Quasar K uses the same state-of-the-art CNC lathes and multi-aspheric technology as Quasar and applies it to the keratoconic cornea. A truly junctionless, continuous curve is produced in one smooth cut of the computer-controlled lathe, from the lens centre right to its edge.
Conventional spherical or aspheric lens designs are totally unsuitable for keratoconic eyes. They have inadequate edge-lift to properly align with the abnormal cornea without causing mid-peripheral compression. Existing specific designs for keratoconic patients use either spherical multi-curve technology or high eccentricity conic sections. Both of these have disadvantages.
Spherical lenses with large differences in peripheral curve radii are able to cope with the rapid flattening of the keratoconic cornea from the abnormal centre to the normal periphery, but have very pronounced junctions, which can be a source of discomfort and mechanical insult. Aspheric lenses with rapidly flattening elliptical surfaces have smoother back surfaces, but give rise to induced off-axis astigmatism and poorer visual acuity.
Quasar K uses the same advanced CNC lathes and multi-aspheric technology as Quasar but applies them to the keratoconic cornea. The high-precision, computer-controlled lathe achieves a truly junctionless, continuous curve from the lens centre to its edge in one single, smooth cut. This surface exploits the clinically validated approach of using a smaller B.O.Z.D. with steeper B.O.Z.R.s and higher axial edge clearances for steeper B.O.Z.R.s.
The intention is that the fitting pattern should be similar over the vast majority of different cases presenting in the consulting room, from early keratoconus to well-advanced disease. Whilst the surface is truly aspheric itís polynomial nature is such that it enables you to combine the comfort of a conventional elliptical lens with the visual advantages of a spherical lens without the attendant disadvantage described above.
Computer modelling and consistent results have validated this approach and demonstrated its superiority in terms of the visual result and the improvement of patient comfort.
The optimally fitting lens in keratoconus is only loosely linked to the keratometry readings. Therefore, careful assessment of lens fit with fluorescein is crucial to success. However, an appropriate starting point in early keratoconus will be made by choosing a B.O.Z.R. close to the flattest keratometry reading. As the disease progresses, keratometry readings become increasingly meaningless, but where readings are attainable, a starting point will be the average of the flattest and steepest reading.
It must be emphasised that there is not a substitute for careful lens observation and several trial lenses will probably be required until the practitioner is entirely happy with the fitting.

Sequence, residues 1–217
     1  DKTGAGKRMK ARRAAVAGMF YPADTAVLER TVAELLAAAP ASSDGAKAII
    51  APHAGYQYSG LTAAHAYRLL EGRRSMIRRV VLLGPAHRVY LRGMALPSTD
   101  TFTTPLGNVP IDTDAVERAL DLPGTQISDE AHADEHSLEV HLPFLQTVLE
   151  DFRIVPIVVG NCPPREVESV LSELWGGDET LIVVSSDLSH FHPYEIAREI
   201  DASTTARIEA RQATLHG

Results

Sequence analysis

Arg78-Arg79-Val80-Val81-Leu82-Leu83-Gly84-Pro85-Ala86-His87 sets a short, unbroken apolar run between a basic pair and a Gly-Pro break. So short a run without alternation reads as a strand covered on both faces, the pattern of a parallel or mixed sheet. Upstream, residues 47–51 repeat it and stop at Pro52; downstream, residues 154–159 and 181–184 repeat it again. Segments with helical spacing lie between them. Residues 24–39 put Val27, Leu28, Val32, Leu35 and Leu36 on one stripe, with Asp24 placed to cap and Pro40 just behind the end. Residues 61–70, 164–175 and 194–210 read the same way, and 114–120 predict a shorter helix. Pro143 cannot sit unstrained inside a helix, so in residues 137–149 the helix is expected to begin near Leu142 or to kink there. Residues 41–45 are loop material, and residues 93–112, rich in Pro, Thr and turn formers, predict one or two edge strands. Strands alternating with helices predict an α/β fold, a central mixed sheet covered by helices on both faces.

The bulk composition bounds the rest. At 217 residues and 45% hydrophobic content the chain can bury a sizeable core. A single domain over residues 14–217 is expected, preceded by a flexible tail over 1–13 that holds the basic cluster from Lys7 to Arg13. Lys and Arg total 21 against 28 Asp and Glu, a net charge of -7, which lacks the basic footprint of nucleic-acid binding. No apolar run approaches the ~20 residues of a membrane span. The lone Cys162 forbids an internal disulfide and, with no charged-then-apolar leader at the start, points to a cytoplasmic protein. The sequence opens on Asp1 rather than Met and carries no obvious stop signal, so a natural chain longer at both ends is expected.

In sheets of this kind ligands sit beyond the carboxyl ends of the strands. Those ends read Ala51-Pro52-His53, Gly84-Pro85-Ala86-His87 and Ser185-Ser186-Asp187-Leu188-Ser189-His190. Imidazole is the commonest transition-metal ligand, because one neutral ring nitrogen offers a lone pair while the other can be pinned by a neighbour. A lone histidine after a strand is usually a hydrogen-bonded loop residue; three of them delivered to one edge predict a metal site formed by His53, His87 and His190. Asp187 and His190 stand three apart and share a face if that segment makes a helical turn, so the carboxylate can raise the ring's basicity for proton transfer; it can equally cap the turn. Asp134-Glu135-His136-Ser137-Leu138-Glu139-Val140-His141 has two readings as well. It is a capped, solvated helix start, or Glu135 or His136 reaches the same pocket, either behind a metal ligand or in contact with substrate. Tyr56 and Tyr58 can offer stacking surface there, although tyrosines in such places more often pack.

The table below is for guidance only:
|Keratoconic Stage||Typical K Reading mm||Trial Lens|
|Early Mild||6.80 – 7.80||= Flattest K|
|Moderate||6.00 – 6.80||Average|
|Advanced||5.00 – 6.00||Average|
Desirable Fitting Patterns
Always assess the fitting with the lens centred on the cornea.
Always allow sufficient time for the lens to equilibrate on the eye. Instil fluorescein and ensure that the patient blinks sufficiently for it to penetrate under the central portion of the lens. A well-fitted Quasar K should show 2-3mm of light apical touch. This should be complemented by mid-peripheral touch, as shown in Fig 1. In-between the two areas of touch there will be an annulus of fluorescein, which should be free of bubbles. If no central touch is seen, as seen in Fig 2, then the B.O.Z.R. should be flattened until the correct appearance is seen. Conversely, if there is excessive central touch, as shown in Fig 3, then the B.O.Z.R. should be steepened until only a light touch is visualised.
Figure 1 – Mid-peripheral Touch
Figure 2 – No Central Touch
Figure 3 – Excessive Central Touch
If any part of the lens edge shows
Centration is particularly difficult to control in keratoconus. About 75% of cones are displaced down with regard to the pupil centre and therefore a well-fitted lens will usually centre slightly downwards. A high-riding lens is often too flat or has too great an edge clearance. To improve the optical result with a low-riding lens, it is best to increase the diameter if in other respects the fitting is optimal.
The trial lenses are increasingly negatively powered as the B.O.Z.R. increases. This is to help reduce the magnitude of the over-refraction in more advanced cases. There will, in many cases, be a small residual cylinder, but wherever possible try and optimise the vision using spherical lenses only. Ensure the over-refraction takes place using a trial lens of the same B.O.Z.R. as the final lens as small changes to the B.O.Z.R. can dramatically affect the visual acuity and over-refraction. Ensure that the initial lacrimation has subsided. Obviously, the vertex distance should be taken
Where there is a marked residual cylinder (>0.75) try to dispense
- Junctionless back surface
- Improved centration
- Improved comfort
- Comprehensive trial sets
- Unparalleled technical support
- Choice of lens materials
|Trial Set Radii||5.70 to 8.00 in 0.10mm steps|
|Power||-9.50 to – 3.00D, radius and overall diameter dependent|
|Total Axial Edge Lift||0.421mm – 0.196mm, radius and overall diameter dependent|
|Overall Diameter||8.80 to 9.60mm radius dependent|
Meet every challenge with the Quasar range of RGP lenses. Range includes: Single Vision, Toric and Multifocal.
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